Under Neo-Darwinism, genetic mutation events (including chromosomal aberrations) are generally assumed to be random and unguided. Miller's Cold-Fusion tale becomes more suspicious when one starts to ask harder questions like "how could a natural, unguided chromosomal fusion event get fixed into a population, much less how could it result in viable offspring?"That is actually a relatively reasonable question, and the concepts involved can be confusing. I'll try to explain them as clearly as possible, as I respond to each of Casey's points.
(1) In most of our experience, individuals with the randomly-fused chromosome can be normal, but it is very likely that their offspring will ultimately have a genetic disease. A classic example of such is a cause of Down syndrome.This is actually not quite true. Down syndrome is caused by duplication of chromosome 21, resulting in the victim having not the normal two, but rather three copies of the chromosome. A chromosome fusion is not a duplication. A chromosomal fusion occurs when two different chromosomes get stuck together, forming one larger chromosome. Someone with a chromosome fusion has no more, and no fewer, copies of any particular gene than someone without that fusion. They are likely to be genetically normal.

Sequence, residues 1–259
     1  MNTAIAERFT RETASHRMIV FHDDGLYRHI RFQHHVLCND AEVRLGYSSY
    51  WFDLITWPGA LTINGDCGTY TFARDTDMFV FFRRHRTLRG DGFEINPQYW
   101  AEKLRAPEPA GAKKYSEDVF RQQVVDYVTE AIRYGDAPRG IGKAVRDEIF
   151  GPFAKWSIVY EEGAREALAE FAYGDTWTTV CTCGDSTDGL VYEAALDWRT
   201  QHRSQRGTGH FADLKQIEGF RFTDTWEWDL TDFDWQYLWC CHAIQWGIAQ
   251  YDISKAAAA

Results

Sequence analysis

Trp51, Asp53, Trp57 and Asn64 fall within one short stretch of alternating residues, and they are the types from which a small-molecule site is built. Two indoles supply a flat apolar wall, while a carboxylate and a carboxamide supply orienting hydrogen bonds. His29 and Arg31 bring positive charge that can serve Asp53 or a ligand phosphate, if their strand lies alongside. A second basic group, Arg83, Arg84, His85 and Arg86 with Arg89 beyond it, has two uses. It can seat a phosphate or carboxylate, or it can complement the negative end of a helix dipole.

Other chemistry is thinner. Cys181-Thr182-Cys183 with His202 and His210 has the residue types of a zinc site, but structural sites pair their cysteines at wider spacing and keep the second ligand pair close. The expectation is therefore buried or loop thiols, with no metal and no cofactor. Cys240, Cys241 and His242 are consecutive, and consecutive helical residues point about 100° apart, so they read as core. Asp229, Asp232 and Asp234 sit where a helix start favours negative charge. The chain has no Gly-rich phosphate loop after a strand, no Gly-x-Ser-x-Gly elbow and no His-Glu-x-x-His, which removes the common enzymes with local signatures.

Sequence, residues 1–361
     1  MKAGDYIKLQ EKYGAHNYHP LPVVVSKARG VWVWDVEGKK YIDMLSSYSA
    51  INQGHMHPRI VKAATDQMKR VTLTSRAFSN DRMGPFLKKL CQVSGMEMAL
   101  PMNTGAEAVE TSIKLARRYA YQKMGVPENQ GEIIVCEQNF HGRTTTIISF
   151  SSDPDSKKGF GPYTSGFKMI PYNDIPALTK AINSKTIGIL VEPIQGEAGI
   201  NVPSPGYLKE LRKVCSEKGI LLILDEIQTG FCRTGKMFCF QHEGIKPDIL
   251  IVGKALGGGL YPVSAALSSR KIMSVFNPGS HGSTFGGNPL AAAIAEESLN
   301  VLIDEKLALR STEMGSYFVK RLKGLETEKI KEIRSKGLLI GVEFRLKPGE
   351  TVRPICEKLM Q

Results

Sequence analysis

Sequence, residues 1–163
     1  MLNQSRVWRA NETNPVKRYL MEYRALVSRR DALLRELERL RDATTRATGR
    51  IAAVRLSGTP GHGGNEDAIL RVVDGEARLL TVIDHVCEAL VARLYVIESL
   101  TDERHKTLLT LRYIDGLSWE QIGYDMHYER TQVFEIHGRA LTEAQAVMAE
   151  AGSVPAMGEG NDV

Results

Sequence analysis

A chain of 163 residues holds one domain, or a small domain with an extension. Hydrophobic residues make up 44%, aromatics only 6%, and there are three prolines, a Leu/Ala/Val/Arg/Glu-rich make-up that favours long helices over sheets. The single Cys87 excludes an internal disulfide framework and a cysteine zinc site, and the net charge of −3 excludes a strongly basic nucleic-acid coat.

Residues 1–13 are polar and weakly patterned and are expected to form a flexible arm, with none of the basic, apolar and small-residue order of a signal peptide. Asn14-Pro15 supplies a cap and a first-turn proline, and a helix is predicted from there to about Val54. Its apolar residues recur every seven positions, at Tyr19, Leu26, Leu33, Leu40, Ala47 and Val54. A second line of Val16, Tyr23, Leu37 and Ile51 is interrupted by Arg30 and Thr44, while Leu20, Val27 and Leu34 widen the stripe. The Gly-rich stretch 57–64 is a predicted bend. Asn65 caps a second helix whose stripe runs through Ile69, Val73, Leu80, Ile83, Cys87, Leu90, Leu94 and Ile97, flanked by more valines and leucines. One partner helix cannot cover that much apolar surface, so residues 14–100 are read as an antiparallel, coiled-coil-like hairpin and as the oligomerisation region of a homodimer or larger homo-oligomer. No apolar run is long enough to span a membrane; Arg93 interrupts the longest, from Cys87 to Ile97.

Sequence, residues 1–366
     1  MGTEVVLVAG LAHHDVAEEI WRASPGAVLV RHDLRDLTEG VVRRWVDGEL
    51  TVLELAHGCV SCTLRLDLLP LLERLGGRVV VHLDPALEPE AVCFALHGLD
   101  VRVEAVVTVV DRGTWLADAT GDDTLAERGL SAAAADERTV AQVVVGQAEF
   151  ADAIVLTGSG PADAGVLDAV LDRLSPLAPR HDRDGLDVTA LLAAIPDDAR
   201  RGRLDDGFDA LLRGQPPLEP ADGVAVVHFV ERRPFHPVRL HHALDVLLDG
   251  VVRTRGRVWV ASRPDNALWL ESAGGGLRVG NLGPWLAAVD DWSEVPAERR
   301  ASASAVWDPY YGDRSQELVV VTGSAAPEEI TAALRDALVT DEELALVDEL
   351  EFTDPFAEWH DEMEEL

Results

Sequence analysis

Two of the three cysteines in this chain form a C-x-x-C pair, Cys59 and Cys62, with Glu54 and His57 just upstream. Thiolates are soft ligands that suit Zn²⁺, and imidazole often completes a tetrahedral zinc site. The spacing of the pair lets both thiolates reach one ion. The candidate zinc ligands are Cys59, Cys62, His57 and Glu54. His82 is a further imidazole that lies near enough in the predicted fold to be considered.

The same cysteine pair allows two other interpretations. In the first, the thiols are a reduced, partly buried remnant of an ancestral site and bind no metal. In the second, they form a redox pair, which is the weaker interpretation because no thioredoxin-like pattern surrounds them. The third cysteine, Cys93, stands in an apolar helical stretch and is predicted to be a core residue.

(2) One way around the problem in (1) is to find a mate that also had an identical chromosomal fusion event.Actually, all that is necessary for successful reproduction is for the chromosomes in one individual be able to line up with the other individual's chromosomes. This is entirely possible in the case of a recent fusion, particularly since the same chromosome sequences are present in both individuals.
Miller may have found good empirical evidence for a chromosomal fusion event. But all of our experience with mammalian genetics tells us that such a chromosomal aberration should have resulted in a non-viable mutant, or non-viable offspring. Thus, Neo-Darwinism has a hard time explaining why such a random fusion event was somehow advantageous.Actually, none of our experience with mammalian genetics tells us that a chromosome fusion should have resulted in either a non-viable or a non-fertile offspring. In fact, our knowledge of Drosophila genetics - coupled with our evolutionarily-informed understanding that fly genetics are not all that different from mammalian genetics - tells us that these sort of fusions don't usually have any impact on the viability or fertility of the offspring.